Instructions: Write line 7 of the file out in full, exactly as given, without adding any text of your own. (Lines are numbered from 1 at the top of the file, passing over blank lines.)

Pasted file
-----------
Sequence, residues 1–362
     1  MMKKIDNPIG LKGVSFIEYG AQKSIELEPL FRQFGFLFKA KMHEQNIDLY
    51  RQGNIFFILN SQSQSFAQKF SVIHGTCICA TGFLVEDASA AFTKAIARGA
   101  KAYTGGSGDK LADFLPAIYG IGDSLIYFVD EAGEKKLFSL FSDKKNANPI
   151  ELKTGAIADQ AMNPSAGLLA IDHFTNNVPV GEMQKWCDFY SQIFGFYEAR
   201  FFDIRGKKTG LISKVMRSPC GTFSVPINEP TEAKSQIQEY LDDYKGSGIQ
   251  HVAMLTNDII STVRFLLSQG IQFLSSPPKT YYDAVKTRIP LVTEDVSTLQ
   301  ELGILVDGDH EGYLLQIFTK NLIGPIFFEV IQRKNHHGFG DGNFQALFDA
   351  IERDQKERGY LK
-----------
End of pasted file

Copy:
   251  HVAMLTNDII STVRFLLSQG IQFLSSPPKT YYDAVKTRIP LVTEDVSTLQ